Tuesday, August 28, 2012

T-SQL : Use the right temp holders

Just a quick blog here.  Working on some queries for a client, and they are performing pretty poorly.  This is in a SQL 2005 instance and I notice that the developer who created these reporting queries is using table variables.

I love table variables, they're quick and easy, they reduce logging and lock contention.  They have limited scope so my .NET developer colleagues who reach for them tend to do so because they don't like mucking about with understanding global temp tables vs local ones.

However, and let me be clear about this, table variables with large amounts of data perform... poorly.

Case in point, this report.  It was taking about 90 seconds to render using table variables, upon examining the query I noticed that it was processing well over 10,000 rows in these table variables and then doing some joining between them.  Couple things to note about table variables:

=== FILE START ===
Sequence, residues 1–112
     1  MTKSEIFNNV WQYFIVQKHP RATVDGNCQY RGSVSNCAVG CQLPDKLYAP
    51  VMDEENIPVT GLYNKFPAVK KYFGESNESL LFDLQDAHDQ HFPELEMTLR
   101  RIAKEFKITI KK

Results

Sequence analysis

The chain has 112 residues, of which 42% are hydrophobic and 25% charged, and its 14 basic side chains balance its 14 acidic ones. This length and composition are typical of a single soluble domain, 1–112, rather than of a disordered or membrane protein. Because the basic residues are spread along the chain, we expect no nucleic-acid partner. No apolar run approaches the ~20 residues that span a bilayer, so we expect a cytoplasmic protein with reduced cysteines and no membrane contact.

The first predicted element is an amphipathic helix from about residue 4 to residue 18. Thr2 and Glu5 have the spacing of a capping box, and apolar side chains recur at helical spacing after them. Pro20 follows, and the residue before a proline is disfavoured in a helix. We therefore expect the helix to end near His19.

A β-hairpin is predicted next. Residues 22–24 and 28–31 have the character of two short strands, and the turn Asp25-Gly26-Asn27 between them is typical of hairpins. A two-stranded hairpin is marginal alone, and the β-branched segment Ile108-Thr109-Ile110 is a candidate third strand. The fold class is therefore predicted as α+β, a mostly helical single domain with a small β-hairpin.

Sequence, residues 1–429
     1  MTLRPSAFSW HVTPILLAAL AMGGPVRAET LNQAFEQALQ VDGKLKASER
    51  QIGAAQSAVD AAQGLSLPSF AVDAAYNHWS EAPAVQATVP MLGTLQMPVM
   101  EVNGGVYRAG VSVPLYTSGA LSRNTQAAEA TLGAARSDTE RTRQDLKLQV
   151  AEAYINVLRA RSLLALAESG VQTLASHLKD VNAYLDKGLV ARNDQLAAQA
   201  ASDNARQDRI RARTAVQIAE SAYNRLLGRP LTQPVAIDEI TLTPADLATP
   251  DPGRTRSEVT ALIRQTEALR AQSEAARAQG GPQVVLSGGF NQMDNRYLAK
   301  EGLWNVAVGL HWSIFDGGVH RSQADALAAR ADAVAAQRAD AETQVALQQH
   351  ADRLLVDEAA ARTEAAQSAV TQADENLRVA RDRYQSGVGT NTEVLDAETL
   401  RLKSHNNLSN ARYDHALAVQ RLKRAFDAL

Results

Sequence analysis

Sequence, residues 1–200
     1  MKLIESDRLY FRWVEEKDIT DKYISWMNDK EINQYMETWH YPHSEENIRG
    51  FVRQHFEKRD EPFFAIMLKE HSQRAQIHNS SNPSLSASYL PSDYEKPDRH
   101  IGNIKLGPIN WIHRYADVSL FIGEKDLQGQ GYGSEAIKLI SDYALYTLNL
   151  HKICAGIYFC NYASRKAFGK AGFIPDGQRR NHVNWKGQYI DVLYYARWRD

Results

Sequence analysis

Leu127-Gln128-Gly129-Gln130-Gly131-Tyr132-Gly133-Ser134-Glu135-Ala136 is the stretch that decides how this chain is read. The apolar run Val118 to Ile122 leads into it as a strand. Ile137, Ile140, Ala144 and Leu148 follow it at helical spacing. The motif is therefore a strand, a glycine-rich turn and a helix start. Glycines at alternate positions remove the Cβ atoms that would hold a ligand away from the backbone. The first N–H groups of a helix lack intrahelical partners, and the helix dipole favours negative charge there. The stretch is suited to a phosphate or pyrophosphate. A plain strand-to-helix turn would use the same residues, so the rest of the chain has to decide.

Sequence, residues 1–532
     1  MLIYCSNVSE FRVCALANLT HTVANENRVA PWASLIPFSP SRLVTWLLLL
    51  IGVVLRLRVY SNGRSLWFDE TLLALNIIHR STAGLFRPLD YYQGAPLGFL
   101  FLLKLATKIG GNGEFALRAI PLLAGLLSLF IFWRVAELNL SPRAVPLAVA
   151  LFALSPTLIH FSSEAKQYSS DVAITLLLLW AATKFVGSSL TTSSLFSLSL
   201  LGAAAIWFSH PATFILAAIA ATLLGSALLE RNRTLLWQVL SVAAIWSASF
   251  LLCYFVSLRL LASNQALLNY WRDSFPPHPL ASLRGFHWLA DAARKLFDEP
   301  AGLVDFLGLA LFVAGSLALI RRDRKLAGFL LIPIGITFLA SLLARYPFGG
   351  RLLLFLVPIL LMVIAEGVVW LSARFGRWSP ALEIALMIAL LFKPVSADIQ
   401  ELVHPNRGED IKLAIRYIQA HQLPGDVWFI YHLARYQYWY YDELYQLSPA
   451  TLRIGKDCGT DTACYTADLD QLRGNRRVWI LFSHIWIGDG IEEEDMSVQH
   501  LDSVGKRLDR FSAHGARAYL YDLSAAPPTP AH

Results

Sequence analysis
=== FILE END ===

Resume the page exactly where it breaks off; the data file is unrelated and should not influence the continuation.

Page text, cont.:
1. You can't add indexes to them
2. If you do data modifications (insert, update, delete) SQL server won't generate a parallel execution plan
3. They don't have any statistics

Long story short, simply by converting the table variables to temporary tables, the processing time of the query went from 90 seconds to... 5 seconds.

I polish my Super DBA badge, and walk away happy.